South Sudan dry season likely to bring more fighting, say UN panel of experts

SPLA forces [Photo: Courtesy]
SPLA forces [Photo: Courtesy]

The prospects for an escalation of violence at the beginning of South Sudan’s dry season are high, a U.N. panel of experts report said.

The report, from an independent committee of South Sudan experts, said that after the “de facto” collapse of the country’s peace agreement, “the political and security situation in the country has continued to deteriorate markedly,”

The U.N. panel of experts report is part of a recent wave of criticism regarding the country’s peace deal, approach of the international community, and both sides of the conflict.

South Sudan’s government “is leading the country inexorably towards a devastating tribal war, coupled with a sense that the international community is failing to take the steps necessary to avoid a further escalation of the conflict,” the panel said.

The report cited countless examples of hate speech and incitement that increases tension between communities.

The country’s war increasingly threatens to spill over into neighboring countries, the report said. The experts wrote that on 13 August, at least 800 troops from the SPLA crossed into the neighboring Congo to engage in a battle with SPLA-IO forces. On 17 August, two of the country’s MI-24 helicopters crossed the border of the Congo and attacked rebel fighters.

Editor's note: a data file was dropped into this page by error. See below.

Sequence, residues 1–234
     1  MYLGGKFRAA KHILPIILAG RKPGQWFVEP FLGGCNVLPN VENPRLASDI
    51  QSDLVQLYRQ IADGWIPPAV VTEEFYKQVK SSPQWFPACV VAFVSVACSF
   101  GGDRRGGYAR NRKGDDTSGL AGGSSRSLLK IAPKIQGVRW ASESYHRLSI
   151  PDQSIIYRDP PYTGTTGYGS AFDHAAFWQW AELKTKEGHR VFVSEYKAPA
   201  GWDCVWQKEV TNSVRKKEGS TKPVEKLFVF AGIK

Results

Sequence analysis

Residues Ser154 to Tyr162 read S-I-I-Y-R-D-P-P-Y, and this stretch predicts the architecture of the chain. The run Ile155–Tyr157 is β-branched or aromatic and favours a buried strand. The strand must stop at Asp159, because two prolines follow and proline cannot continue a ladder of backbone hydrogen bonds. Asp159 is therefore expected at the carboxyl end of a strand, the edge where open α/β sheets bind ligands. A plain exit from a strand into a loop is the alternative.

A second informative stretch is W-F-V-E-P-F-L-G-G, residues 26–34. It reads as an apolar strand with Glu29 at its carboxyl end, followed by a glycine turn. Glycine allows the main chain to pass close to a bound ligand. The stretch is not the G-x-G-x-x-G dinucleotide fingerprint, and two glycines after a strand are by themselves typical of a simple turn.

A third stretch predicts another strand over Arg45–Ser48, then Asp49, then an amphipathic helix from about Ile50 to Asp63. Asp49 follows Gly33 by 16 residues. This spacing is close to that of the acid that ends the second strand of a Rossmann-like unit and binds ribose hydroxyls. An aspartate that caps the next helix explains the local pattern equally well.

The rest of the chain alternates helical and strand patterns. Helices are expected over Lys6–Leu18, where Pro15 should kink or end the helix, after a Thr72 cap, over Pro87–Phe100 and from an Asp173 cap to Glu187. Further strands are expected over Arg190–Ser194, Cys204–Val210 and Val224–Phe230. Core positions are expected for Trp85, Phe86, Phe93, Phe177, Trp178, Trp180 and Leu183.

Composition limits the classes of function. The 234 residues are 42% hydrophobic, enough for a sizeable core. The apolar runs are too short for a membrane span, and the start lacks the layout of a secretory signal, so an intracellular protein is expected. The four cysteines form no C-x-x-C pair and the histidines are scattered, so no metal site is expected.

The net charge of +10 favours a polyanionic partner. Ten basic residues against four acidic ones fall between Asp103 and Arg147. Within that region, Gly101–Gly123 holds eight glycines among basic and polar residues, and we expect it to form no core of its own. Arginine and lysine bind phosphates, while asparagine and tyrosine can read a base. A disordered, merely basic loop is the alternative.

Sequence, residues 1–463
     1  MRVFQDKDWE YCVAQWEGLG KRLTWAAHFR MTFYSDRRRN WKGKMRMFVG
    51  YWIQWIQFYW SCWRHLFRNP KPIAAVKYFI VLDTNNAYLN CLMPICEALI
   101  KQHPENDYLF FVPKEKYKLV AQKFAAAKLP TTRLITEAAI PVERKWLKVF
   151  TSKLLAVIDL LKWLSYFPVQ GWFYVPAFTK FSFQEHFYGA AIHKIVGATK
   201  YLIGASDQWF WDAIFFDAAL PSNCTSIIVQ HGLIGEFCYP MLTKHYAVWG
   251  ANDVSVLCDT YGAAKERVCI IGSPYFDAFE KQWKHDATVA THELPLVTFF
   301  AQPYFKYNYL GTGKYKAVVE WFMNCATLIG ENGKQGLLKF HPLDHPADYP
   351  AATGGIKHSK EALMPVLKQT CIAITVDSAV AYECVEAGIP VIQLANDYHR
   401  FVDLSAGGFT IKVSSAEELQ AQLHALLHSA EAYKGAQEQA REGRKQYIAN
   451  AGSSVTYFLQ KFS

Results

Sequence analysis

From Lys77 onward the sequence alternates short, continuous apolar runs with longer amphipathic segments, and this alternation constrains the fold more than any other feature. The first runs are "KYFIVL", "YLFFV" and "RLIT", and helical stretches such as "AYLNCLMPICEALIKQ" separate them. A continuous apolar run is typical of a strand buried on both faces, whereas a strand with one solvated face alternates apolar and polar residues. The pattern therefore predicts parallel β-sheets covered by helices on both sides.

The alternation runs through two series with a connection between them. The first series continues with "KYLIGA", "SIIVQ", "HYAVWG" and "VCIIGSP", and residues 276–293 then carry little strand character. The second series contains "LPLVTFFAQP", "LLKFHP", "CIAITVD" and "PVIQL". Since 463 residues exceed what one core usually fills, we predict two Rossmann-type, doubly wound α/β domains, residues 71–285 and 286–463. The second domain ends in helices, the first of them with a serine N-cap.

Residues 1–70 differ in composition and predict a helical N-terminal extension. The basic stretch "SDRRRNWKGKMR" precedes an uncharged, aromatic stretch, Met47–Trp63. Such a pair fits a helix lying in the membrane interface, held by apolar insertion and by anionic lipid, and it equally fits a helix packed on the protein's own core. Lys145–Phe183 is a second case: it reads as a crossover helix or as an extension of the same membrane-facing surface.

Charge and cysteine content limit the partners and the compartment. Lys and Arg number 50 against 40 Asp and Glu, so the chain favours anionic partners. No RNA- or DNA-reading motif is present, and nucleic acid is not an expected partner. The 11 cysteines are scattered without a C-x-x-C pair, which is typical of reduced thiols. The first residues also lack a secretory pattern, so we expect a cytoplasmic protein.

But the panel identified Central Equatoia as the location of the most severe violence, listing reported arbitrary detentions, executions, and rape from the army.

Civil society have also been a target of harassment from the government, the panel said, “which have involved both an increase in onerous bureaucratic restrictions and overt intimidation,”

The body responsible for approving applications of civil society groups, the Relief and Rehabilitation Commission, “has threatened to withhold renewals or revoke registrations if organizations do not forfeit their assets to the Commission on demand”, according to the panel.

“Most recently, three aid workers were killed in the space of seven days at the beginning of October,” the panel added, and said that in the first nine months of 2016, more than 640 humanitarian access incidents were reported, including 81 in September alone. Most of the incidents involved violence against humanitarian personnel and assets, the report said.

The panel also found evidence that a batch of Israeli made weapons have been transferred from the government of Uganda to South Sudan in violation of the weapons end user agreements based on weapons collected from SPLM-IO fighters in the Congo.


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